Illinois Supreme Court Justice Lloyd Karmeier
SPRINGFIELD – Lawyers aiming to reopen a $1 billion class action against State Farm and disqualify Illinois Supreme Court Justice Lloyd Karmeier from hearing it haven't brought out any new evidence, according to State Farm.
"Plaintiffs' petition advances the same contentions plaintiffs advanced in their prior attempts to attribute to State Farm campaign contributions made by other organizations and entities," State Farm lawyers wrote on Sept. 19.
"Illinois through its Constitution has determined that its Supreme Court Justices should be chosen through elections, and campaign contributions are a necessary component of that system of judicial elections," they wrote.
"As before, plaintiffs' attempt to disqualify Judge Karmeier rests upon unfounded speculation and unscrupulous innuendo and brings discredit not on Justice Karmeier but on the attorneys who filed the petition," they wrote.
They wrote that the Court's opinion in Avery v. State Farm has been settled law for more than six years.
They pointed out that 13 opinions from state supreme courts, 69 from appellate courts and 160 from trial courts relied on the opinion.
"The finality of judgments is a fundamental principle of our legal system," they wrote.
"Plaintiffs' petition not only asks this Court to disturb State Farm's long vested interest in the final judgment in this case, but also to undermine the validity of these hundreds of other decisions."
Michael Avery and others sued State Farm in Williamson County in 1997, claiming it provided inferior parts for vehicle repairs.
Circuit Judge John Speroni certified a class action.
In 2001, after jurors found State Farm provided about five million persons with inferior parts, Speroni entered judgment for a little more than $1 billion.
State Farm appealed, and Fifth District appellate judges affirmed Speroni.
State Farm appealed again, and the Supreme Court heard arguments in 2003.
In 2004, with the decision pending, voters elected Karmeier.
Plaintiffs moved to recuse him, claiming State Farm contributed to his campaign.
Karmeier didn't recuse himself, and his colleagues declined to disqualify him.
The Court reversed the Fifth District in 2005, with six Justices agreeing that Illinois judges can't certify national class actions under Illinois consumer fraud law.
The six also agreed that Illinois judges can't certify national class actions on claims for breach of contract.
Four Justices refused to allow subclasses, while two would have remanded the case so Speroni could determine whether he could uphold part of the verdict for a subclass.
The opinion radically reduced the scope of class action litigation in Illinois and rippled through courts across the land.
This Sept. 8, nine lawyers petitioned to vacate the decision and recall the mandate.
They wrote that "State Farm deliberately lied to and misled this Court."
They inflated their prior estimate of State Farm support for Karmeier from $350,000 to more than $3 million.
They added almost $2 million by treating Illinois Civil Justice League and its political action committee as components of Karmeier's campaign.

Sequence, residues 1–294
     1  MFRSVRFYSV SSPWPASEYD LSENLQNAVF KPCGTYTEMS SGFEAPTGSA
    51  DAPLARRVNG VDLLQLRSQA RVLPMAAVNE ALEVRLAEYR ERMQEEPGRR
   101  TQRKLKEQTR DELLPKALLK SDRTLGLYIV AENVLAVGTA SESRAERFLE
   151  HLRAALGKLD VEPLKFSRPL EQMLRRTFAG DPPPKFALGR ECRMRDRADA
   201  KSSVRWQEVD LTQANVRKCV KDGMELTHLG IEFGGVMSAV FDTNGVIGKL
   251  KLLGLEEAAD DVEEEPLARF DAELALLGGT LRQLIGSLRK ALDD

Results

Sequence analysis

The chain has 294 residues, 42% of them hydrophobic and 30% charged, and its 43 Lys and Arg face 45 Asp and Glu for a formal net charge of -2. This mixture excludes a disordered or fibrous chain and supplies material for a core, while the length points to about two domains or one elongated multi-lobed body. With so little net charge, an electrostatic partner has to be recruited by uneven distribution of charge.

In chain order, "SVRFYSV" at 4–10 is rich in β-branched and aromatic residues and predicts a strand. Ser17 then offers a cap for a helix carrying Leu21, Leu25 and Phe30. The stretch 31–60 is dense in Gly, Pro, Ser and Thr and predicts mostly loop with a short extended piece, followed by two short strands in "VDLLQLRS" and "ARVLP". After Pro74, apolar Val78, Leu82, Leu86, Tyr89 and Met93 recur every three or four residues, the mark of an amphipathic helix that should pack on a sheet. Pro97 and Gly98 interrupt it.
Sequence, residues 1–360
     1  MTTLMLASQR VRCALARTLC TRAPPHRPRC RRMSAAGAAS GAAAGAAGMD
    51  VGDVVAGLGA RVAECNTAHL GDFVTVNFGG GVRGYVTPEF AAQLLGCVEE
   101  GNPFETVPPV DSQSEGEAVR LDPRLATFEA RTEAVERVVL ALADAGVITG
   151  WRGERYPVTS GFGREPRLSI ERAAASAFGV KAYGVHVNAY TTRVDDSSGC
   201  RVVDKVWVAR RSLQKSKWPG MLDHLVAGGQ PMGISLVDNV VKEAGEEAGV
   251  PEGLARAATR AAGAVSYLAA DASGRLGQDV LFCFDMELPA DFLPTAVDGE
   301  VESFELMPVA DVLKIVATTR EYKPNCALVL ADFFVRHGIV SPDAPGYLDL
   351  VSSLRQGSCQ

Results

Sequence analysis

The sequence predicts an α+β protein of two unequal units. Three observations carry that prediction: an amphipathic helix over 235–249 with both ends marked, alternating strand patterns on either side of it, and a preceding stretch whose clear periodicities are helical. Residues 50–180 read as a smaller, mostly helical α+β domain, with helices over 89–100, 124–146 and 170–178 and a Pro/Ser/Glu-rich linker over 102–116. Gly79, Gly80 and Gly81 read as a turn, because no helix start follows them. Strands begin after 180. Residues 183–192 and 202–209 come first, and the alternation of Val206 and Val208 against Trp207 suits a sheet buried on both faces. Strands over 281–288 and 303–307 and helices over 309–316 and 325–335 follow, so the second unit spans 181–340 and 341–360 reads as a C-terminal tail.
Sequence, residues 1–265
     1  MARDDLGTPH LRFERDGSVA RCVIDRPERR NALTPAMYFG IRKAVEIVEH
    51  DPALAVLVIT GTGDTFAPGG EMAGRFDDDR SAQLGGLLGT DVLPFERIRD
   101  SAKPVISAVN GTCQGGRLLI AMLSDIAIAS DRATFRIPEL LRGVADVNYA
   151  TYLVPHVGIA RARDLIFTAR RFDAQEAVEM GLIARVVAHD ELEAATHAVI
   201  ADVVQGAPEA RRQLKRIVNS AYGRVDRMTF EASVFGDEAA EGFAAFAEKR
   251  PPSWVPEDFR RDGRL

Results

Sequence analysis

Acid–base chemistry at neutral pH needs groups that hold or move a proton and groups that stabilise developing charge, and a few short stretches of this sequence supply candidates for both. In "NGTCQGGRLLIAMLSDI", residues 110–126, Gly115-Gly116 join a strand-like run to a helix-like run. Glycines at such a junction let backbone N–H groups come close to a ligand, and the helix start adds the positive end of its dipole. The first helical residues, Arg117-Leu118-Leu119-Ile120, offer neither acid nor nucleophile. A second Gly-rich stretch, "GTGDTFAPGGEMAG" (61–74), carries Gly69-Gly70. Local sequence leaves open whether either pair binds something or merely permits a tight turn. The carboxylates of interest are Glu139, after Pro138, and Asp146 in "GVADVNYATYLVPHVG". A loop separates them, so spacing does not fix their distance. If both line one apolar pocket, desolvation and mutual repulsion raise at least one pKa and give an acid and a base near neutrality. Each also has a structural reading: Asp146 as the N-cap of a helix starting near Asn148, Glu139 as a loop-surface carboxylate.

They added $1 million that State Farm sent to the U. S. Chamber of Commerce.
They wrote that Ed Murnane of the Civil Justice League ran Karmeier's campaign.
They wrote that Karmeier "needed State Farm's enormous financial and powerful political support to secure election to a seat on this Court."
They submitted an affidavit from former Federal Bureau of Investigation agent Daniel Reece, swearing Karmeier knew State Farm used the Civil Justice League to elect him.
A single Illinois lawyer, Lloyd Chatfield of Lake Bluff, signed the petition.
Don Barrett of Lexington, Miss., who prevailed as lead counsel at trial, signed it.
So did five Tennessee lawyers, one from Louisiana and one from Washington, D. C.
Robert Shultz of Edwardsville responded for State Farm, along with four New York City lawyers and two from Chicago.
They wrote that the petition didn't allege prejudice on Karmeier's part.
They wrote that the purpose of the recusal rule in the Illinois Code of Judicial Conduct would be subverted if lawyers invoked it for tactical advantage.
They wrote that "the petition is years beyond the statutory two year period allowed for reopening a judgment."
They wrote, "The picture plaintiffs attempt to paint has no relationship to reality."
"Contrary to plaintiffs' contentions, State Farm does not control the United States Chamber of Commerce."
They wrote that Murnane wasn't manager, employee or finance chairman for Karmeier.
They wrote that the Civil Justice League included the state medical society, the academy of family physicians, the state engineering council, the structural engineers association, state hospital and health care associations, the Metropolitan Health Care Council, National Federation of Independent Business, the state manufacturers association, the state Chamber, the retail merchants association, Farm Bureau, Caterpillar, Motorola, CNA Insurance, John Deere, Brunswick, Allstate Insurance and Kraft General Foods.
"Plaintiff's contention that a single member, State Farm, influenced and controlled the entire organization is simply contrary to common sense," they wrote.
They wrote that even if Karmeier hadn't participated in the Avery appeal, the Court would have reversed the Fifth District.
"Plaintiffs are not entitled to have all or any part of the appellate court's legally erroneous decision reinstated, immunized from review by this Court, and granted precedential value in future cases," they wrote.